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Using personal accounts for work opens a Pandora’s box of security and legal risks

Posted on 29 June 2021

Using personal accounts to conduct work business is often a very bad idea for both security and accountability reasons. Last week, the former UK Health Secretary, Matt Hancock, came under fire for using his personal email and WhatsApp accounts to exchange messages for official business. This was potentially in breach of government guidelines1 and led to accusations of cronyism over his personal communications with a recipient of a government contract during the pandemic.

Leaving aside the important issues of transparency and accountability, when it comes to electronic communications, what are the security risks of allowing staff to use personal accounts to conduct their professional business? 

Personal accounts are outside of the corporate IT department’s control, meaning they are not subject to the same backup, audit and security controls. Below are some of the key reasons why businesses should make users aware of the need not to mix business with pleasure. 

Multi-factor authentication cannot be enforced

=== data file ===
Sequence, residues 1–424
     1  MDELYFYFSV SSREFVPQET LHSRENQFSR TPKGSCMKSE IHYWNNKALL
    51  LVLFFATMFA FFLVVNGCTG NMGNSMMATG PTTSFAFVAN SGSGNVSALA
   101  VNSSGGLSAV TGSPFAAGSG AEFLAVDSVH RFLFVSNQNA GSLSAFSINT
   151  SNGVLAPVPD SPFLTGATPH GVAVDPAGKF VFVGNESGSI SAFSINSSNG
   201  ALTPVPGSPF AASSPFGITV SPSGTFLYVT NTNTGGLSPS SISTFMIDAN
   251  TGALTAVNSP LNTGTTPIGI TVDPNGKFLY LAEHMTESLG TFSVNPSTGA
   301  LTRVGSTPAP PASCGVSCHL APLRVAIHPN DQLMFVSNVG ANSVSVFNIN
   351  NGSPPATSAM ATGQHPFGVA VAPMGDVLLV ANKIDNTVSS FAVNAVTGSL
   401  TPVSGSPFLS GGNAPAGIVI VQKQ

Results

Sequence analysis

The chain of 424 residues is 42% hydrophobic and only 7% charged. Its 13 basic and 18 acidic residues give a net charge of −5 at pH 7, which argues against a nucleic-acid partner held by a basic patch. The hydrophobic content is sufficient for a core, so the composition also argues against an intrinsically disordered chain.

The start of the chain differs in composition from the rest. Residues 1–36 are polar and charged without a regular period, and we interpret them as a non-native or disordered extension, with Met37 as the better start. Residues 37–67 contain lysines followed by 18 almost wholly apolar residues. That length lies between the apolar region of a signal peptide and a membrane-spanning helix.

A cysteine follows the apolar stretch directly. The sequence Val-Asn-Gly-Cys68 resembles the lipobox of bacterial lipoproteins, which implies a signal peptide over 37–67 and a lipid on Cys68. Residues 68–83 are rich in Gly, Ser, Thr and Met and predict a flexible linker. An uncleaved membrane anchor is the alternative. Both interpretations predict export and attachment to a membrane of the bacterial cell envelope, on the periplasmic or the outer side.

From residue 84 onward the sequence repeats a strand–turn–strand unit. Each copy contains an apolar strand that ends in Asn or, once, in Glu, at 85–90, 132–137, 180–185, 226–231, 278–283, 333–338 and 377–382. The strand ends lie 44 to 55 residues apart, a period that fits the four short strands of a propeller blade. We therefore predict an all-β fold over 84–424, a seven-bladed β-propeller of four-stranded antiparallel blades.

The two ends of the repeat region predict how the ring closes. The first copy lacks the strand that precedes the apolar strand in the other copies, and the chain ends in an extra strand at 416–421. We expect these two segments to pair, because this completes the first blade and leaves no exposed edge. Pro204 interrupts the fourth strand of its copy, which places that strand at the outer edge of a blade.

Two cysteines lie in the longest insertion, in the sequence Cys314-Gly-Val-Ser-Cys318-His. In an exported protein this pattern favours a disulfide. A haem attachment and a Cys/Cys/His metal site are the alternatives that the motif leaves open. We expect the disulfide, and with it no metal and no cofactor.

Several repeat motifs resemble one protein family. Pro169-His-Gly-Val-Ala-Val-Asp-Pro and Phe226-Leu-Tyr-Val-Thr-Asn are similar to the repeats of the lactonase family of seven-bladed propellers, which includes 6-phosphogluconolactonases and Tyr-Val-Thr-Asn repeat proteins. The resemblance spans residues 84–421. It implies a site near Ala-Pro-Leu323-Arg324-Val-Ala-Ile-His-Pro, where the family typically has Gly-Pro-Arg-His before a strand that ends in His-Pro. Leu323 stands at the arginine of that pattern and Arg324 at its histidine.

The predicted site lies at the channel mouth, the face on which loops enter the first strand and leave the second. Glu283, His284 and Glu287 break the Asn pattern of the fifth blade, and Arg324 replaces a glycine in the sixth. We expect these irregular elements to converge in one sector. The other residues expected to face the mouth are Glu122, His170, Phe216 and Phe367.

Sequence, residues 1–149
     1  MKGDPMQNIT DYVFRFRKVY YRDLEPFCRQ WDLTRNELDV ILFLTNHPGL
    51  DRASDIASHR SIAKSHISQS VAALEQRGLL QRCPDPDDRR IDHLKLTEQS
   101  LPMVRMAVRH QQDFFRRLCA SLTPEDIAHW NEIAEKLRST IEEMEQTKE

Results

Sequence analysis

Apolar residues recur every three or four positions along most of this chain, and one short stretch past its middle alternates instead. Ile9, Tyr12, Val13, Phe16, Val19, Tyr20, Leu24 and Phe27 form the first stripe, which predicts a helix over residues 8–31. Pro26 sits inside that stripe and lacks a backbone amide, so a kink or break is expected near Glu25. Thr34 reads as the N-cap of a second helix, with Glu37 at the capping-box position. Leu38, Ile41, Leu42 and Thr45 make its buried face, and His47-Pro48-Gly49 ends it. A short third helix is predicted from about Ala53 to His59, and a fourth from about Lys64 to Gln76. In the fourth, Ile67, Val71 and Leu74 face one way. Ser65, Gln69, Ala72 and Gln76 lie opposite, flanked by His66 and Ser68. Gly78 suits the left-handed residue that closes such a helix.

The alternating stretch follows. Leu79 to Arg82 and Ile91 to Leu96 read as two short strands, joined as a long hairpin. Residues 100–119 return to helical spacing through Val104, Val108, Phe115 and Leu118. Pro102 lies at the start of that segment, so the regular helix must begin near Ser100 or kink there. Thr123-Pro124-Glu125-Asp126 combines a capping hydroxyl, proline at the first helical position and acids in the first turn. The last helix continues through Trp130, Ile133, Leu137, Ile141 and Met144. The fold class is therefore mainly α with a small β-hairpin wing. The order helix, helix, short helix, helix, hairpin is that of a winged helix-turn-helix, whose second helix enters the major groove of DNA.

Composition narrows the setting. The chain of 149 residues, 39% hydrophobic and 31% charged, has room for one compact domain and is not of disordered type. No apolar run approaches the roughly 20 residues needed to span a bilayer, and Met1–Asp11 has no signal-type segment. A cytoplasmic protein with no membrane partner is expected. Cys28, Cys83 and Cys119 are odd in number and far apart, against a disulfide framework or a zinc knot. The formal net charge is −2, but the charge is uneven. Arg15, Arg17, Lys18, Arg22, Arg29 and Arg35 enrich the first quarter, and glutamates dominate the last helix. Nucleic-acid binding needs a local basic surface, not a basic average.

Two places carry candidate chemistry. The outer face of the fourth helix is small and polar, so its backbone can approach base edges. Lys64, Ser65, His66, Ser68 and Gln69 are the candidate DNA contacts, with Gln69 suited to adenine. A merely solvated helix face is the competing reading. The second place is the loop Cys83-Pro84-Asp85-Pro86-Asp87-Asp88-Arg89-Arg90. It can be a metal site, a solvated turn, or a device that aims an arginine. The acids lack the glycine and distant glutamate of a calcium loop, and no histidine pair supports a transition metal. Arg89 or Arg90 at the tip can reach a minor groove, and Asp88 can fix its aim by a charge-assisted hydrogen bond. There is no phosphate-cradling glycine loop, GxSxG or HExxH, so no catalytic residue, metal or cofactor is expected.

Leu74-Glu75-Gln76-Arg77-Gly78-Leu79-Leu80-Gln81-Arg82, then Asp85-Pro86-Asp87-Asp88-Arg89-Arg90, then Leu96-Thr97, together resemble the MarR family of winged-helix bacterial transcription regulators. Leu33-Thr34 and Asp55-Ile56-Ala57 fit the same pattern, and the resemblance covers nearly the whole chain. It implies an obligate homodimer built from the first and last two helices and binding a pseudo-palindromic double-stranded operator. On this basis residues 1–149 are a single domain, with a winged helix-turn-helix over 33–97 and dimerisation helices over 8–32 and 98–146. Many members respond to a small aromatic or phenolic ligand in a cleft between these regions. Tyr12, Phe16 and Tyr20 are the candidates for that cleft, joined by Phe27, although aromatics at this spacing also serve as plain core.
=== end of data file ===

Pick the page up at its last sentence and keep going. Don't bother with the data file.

One of the major security risks for most businesses is that of business email compromise (BEC) fraud, where attackers gain access to email accounts to hijack conversations and deceive participants to divert payments to the criminals’ bank accounts. Multi-factor authentication (MFA), where accounts are secured by more than just a password (for example by a code generated by an authenticator app, or SMS), is a key way by which businesses can protect emails. MFA can also protect against extortion stemming from access to sensitive corporate or personal data held in email messages. 

If employees are using personal webmail accounts, such as Gmail or Hotmail, there is no way for IT security departments to ensure that they are using MFA, thereby increasing the risks of compromise and resultant fraud. 

Personal accounts may let through malicious messages 

Corporate IT security teams often use “email gateways”, software which can inspect, quarantine or reject incoming or outgoing messages to reduce the risks of malware infection, phishing or fraud. While some personal email services have security heuristics to identify malicious messages, there is no way for security teams to understand how these are configured and they may not be as effective as those controls implemented by security teams who have better knowledge of the threats faced by their business. 

This means that users of personal email accounts may be more prone to other security risks, potentially meaning the contents of their computers are compromised, or that they accidentally provide passwords to criminals to be used in attacks against their employers. 

Personal email accounts cannot be easily investigated in the event of a security incident